They’ve seen this movie before. And this time, the ending doesn’t scare them.

Even with the trigger date for the cuts being today, Americans have been pouring money into the stock market. The Dow Jones industrial average has jumped nearly 8 percent this year and is approaching a record high.

Consumers are also growing more confident. And last month, orders for U.S. factory goods that reflect companies’ investment plans surged by the most in more than a year. It showed that more businesses have become more upbeat about their prospects.

Only 27 percent of Americans surveyed for a Pew Research Center/USA Today poll last week said they had heard a lot about the looming spending cuts. And according to a Washington Post poll conducted late last month, less than a third of Americans said they thought the cuts would have a big impact on their own finances.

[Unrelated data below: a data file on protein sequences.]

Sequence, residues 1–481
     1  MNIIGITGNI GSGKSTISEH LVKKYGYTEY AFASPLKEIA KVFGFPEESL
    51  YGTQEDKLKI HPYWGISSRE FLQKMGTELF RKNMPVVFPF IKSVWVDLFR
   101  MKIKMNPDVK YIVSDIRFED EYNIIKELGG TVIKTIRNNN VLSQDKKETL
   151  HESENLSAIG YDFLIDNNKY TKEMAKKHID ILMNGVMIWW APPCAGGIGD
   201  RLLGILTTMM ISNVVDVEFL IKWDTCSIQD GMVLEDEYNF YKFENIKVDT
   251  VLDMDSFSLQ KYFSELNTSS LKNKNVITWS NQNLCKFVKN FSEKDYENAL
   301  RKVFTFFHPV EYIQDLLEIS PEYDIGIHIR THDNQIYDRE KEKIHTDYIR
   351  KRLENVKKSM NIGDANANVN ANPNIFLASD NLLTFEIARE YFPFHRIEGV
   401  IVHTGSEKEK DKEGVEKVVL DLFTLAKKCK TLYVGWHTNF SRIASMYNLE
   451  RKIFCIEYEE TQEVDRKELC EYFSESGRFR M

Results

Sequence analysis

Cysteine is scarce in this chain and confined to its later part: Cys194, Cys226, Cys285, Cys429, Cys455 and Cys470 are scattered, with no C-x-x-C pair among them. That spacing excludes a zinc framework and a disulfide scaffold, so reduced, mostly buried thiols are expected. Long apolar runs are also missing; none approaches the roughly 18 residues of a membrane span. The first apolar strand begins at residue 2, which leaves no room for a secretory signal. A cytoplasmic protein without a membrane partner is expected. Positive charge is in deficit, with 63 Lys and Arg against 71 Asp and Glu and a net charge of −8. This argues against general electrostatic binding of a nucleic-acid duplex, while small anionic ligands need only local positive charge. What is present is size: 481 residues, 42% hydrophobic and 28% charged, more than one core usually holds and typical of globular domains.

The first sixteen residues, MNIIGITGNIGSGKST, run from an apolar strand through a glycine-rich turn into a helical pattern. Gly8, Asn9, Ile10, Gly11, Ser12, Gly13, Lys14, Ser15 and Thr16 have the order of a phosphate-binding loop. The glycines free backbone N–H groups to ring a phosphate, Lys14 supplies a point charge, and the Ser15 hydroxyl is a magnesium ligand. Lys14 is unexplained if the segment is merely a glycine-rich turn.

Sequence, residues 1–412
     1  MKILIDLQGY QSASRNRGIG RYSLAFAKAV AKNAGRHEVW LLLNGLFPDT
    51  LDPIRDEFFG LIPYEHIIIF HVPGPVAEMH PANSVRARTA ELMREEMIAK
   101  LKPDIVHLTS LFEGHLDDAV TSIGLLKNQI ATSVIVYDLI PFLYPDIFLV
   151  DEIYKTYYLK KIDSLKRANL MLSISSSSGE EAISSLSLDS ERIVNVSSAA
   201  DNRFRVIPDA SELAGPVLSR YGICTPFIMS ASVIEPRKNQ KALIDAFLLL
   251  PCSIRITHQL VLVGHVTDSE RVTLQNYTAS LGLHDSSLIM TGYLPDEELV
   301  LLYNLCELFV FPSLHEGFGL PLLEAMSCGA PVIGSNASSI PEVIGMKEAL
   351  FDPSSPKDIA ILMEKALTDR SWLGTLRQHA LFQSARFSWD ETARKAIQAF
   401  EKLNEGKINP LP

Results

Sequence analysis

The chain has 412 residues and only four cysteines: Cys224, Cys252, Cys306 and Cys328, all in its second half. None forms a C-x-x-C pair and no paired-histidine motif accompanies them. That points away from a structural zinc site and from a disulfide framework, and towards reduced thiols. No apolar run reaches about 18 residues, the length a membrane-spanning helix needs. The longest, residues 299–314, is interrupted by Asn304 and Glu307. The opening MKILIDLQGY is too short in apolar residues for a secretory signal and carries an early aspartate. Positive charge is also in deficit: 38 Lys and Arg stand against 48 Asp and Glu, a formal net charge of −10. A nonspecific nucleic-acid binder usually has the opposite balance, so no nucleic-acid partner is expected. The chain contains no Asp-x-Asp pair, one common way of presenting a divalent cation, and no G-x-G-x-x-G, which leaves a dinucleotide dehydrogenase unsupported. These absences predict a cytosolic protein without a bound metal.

Why less concern this time?

The stakes aren’t nearly as high as they were two months ago, when lawmakers engaged in a budget standoff over the so-called fiscal cliff. Economists had warned that the cliff’s tax increases and spending cuts would send the economy back into recession if they remained in place for much of 2013.

By contrast, no one is talking about a recession this time, no matter what Congress does or doesn’t do. The financial squeeze will be milder. And it will be delayed.

For one thing, the cuts are smaller than they seem: Actual spending will likely drop $44 billion in the budget year that ends Sept. 30, according to the Congressional Budget. That’s only slightly more than 1 percent of federal spending.